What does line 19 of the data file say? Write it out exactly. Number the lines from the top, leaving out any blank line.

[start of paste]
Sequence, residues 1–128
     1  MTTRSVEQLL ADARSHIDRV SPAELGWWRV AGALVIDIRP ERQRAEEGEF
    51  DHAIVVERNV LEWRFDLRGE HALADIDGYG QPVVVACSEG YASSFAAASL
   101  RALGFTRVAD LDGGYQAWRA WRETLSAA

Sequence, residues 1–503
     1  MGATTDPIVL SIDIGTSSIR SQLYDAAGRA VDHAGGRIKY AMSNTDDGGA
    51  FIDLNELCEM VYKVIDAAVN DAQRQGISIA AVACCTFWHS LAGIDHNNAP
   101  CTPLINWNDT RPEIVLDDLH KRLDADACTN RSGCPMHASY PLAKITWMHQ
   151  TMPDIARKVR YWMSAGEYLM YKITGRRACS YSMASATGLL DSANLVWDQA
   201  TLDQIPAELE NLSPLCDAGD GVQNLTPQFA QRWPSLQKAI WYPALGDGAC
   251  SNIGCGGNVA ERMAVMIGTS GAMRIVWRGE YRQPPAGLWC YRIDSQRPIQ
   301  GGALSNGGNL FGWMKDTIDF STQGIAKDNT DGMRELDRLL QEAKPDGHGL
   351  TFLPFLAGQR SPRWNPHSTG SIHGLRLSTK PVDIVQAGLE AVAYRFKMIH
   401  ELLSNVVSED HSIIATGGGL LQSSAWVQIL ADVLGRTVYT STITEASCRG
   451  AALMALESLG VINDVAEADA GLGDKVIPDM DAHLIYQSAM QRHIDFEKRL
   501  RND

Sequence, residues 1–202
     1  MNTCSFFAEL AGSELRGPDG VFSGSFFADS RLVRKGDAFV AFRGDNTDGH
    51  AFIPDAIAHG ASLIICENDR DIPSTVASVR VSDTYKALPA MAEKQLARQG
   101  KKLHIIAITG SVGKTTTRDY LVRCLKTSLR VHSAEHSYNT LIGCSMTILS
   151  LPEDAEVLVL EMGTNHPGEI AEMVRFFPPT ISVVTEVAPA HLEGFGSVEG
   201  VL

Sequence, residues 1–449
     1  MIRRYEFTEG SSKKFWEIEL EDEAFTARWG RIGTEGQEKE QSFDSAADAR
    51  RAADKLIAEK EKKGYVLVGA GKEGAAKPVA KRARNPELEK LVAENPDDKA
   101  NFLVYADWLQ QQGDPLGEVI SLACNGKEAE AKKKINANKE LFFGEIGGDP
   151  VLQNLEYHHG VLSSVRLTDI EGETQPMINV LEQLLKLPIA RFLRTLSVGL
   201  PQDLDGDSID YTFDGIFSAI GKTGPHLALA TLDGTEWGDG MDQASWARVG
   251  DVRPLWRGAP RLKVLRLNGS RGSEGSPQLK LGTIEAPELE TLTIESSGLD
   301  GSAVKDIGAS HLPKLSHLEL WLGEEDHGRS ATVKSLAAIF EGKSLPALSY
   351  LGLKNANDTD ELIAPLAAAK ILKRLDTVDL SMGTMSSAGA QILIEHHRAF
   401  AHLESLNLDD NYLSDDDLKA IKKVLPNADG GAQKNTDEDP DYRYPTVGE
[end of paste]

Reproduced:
    51  AFIPDAIAHG ASLIICENDR DIPSTVASVR VSDTYKALPA MAEKQLARQG